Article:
“How do I get our director/my boss/the curators/my colleagues on board with the design thinking process?” This question touches on one of the most demanding aspects of human-centered design in museums: promoting change. In this post, I share five steps for managing up design thinking in museums.
The keynote speaker at the 2015 Museum Computer Network, Liz Ogpu, talked about the power of human-centered design and its potential for impact in museums.
I recently returned from the MuseumNext conference in Newcastle, England, where I gave a talk, "From Insights to Prototypes: How Museums can Use the Design Thinking Process to Engage and Delight Visitors" and co-led a workshop titled "Designing for Happiness: Using Design Thinking to Delight Visitors." In this post, I share the five big takeaways I presented at the conference on how to integrate design thinking mindsets into museum practice.
I launched this blog, Design Thinking for Museums, exactly one year ago at the 2013 Museums and the Web conference in Portland. It was an experiment that UX designer and Stanford d.school fellow Molly Wilson and I built in a day at the San Francisco Museum of Modern Art cafe, armed with coffee and Wordpress. The blog was developed as a resource for the field and accompanied a paper documenting a partnership between SFMOMA and the Stanford d.school. When the site launched, I wasn't sure how long we would keep it up, if we'd get any readers, and what kind of response we'd receive from the museum community. I'm happy to report that now, one year later, there are small but significant signs of enthusiasm for and adoption of design thinking in the museum sector. I've just returned from the 2014 Museums and the Web conference, where I presented a paper with co-authors from the Getty and the Queensland Museum about how those institutions are using design thinking and prototyping to tackle challenges ranging from designing new digital publications to re-envisioning organizational structures.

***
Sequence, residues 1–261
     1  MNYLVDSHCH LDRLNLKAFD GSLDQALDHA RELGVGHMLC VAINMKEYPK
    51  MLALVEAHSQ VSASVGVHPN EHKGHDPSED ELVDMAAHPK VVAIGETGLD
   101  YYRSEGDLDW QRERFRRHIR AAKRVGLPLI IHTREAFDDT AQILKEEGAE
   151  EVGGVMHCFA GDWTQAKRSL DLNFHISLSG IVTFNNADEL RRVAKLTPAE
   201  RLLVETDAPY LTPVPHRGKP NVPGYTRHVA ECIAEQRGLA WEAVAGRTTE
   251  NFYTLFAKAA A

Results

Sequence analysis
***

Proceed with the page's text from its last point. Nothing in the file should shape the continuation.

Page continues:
This guest post is from Molly Clare Wilson, an experience designer and teacher in San Francisco. When we confuse “design” and “design thinking,” everyone loses. Designers get their backs up at the […]
Some of the key mindsets of design thinking rely on un-learning old ways of working. To successfully integrate design thinking into your museum—whether it's for a small, one-off project or an institution-wide initiative—you must hack your old habits.
As I work with museums on how to integrate design thinking into their ongoing processes, I find myself spending a lot of time talking with my peers about the resistance—and […]
Over and over, one of the big lessons in design thinking seems to be don’t assume—discover directly. The insights gained from talking directly to users informs our understanding of their needs, which in turn makes all the difference between spinning one’s wheels and developing solutions that people can actually use. And prototyping and iterating along the way provide constant check-ins and mechanisms for adjustments.
I've had numerous inquiries from colleagues at institutions around the world about how to get started with design thinking at home. To step into into this "continuum of innovation," there are some strategies and approaches you can implement to kick-off the process and start infusing the design thinking ethos into your work culture. Some of these are more attitudinal, while others are tactical.
Holding back and striving for perfection is how many museums and cultural institutions approach new digital projects. Months, or years, go by before we "get out there."
When I signed up for an Executive Education course offered through Stanford’s Hasso Plattner Institute of Design, or the "d.school," I didn't really know much about design thinking--or how it was relevant to museums. In fact, I didn't know what I was getting into.